A significant issue for the sector, and one that has been repeatedly highlighted by politicians and the media during the coronavirus pandemic, is the comparatively low pay of care workers. All supermarkets now offer higher minimum hourly pay than the average social care worker hourly rate. Unlike other sectors, opportunities for promotion and pay increases are often hard to find, leading to an average annual staff turnover of over 30%. Although care workers will benefit from increases to the National Living Wage pledged by the government, if other sectors continue to go above and beyond the minimum standard, the sector will continue to struggle to find enough staff. Care England, the representative body for independent care providers, has warned that without an increase in the fees local authorities pay care providers, increases to the Living Wage will be unsustainable for the sector. Without an increase in funding levels, the government risks further destabilising the sector through the NLW increase, but without higher pay, the sector is unlikely to find the long term staffing solution it needs. Finding a solution that works for the sector, its employees and the government will be key to any long term settlement.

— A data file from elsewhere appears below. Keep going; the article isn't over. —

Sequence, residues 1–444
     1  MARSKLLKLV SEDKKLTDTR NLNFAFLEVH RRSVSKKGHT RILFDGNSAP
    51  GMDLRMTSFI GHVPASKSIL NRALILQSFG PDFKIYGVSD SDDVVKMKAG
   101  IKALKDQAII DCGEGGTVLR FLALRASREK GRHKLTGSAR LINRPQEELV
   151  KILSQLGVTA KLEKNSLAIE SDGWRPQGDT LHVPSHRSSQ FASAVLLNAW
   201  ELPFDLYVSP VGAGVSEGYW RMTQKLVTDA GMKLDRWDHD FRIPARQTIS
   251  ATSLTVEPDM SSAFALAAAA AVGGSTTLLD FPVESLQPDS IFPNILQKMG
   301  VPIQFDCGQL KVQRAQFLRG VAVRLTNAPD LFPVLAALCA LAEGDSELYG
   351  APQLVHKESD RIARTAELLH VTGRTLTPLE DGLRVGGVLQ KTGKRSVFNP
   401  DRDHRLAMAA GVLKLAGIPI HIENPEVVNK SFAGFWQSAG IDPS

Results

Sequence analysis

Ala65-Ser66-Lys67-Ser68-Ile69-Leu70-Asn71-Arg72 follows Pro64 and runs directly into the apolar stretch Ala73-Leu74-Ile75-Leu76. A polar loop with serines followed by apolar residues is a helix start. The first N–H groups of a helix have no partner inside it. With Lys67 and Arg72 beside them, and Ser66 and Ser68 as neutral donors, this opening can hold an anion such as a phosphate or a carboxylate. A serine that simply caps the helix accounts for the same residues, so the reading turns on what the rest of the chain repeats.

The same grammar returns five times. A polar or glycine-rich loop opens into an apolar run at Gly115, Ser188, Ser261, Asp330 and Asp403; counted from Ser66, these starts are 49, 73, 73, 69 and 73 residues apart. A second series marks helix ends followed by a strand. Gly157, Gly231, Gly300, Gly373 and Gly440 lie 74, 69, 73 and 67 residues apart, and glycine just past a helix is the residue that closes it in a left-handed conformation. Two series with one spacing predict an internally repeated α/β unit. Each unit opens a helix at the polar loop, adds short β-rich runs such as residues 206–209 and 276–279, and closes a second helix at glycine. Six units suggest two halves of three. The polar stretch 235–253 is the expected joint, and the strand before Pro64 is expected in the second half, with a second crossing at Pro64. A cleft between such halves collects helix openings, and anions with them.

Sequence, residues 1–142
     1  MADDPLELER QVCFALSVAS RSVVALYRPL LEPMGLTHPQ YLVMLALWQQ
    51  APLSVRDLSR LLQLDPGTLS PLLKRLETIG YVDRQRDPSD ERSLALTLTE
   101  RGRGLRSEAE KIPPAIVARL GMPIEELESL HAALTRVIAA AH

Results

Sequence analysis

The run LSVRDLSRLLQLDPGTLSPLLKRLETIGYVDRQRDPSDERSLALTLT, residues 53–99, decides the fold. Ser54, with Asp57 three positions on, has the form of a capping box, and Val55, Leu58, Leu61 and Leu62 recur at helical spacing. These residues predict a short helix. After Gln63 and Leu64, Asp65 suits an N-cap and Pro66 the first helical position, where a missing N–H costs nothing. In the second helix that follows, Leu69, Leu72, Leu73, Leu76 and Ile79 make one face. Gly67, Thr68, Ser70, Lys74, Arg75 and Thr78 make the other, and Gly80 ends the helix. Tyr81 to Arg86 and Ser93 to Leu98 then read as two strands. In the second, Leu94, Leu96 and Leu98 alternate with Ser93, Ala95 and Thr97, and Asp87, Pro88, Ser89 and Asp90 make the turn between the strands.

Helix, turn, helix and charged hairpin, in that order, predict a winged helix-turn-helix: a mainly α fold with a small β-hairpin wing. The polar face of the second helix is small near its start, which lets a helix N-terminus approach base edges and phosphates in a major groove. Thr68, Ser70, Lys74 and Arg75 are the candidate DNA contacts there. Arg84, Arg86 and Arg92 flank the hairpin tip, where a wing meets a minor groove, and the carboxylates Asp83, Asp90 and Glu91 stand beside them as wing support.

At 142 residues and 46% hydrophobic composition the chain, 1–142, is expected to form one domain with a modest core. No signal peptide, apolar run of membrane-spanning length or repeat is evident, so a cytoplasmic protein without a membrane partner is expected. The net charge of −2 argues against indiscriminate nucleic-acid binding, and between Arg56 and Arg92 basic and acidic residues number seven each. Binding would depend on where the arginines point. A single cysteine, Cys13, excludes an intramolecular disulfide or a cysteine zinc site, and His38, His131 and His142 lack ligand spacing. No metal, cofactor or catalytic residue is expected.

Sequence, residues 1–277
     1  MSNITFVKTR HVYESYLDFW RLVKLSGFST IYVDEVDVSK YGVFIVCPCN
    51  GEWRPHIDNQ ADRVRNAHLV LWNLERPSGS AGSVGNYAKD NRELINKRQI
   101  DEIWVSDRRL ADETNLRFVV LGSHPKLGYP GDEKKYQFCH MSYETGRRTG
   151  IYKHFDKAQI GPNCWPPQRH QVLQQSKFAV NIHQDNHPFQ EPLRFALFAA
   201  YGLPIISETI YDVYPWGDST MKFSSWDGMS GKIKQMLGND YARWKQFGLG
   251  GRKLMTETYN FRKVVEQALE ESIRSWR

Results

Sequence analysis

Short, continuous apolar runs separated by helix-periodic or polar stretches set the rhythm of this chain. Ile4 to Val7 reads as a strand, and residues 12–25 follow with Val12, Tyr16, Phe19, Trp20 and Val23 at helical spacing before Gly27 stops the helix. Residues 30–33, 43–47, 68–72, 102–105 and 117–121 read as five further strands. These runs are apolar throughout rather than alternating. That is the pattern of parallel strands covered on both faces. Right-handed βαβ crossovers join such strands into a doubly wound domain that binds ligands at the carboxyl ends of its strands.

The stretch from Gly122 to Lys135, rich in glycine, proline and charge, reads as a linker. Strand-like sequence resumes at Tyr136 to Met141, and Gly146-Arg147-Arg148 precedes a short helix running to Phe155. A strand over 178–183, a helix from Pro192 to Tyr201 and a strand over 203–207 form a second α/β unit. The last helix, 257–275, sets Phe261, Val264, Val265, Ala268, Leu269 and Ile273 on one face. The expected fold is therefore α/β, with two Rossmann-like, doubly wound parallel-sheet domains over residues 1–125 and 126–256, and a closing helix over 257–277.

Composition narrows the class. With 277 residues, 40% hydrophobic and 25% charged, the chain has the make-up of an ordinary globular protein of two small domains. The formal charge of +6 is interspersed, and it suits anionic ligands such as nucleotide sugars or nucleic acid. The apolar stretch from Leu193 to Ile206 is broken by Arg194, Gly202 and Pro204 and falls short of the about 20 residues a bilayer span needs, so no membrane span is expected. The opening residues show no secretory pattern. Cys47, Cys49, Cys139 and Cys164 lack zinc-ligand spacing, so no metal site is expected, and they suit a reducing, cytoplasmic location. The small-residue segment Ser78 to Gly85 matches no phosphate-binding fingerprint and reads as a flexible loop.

Scrutiny of quality of care will increase but may drive policy change             

Many care homes are finding that providing the range of services and quality of care they want is financially out of reach under the current system, despite their best efforts. Analysis by Care UK has found evidence of local authorities providing preferential funding to their own care homes, at the expense of for-profit providers. One council, for example, was found to be paying £650 per person per week for its own care home versus less than £500 to an independent provider. LaingBuisson estimates costs for a well-run home will be between £623 to £726 a week per person, meaning some for-profit providers will be struggling to make fees cover the cost of care. This funding gap inevitably leads to disparity in quality as providers struggle to make ends meet. 84% of care homes run by local authorities were rated good or outstanding in 2018-19, compared with 77% of for-profit homes, according to LaingBuisson analysis in August 2019. This gap in quality appears consistent with the funding gap for-profit providers experience, indicating many issues with the sector could be alleviated with additional, fairer funding.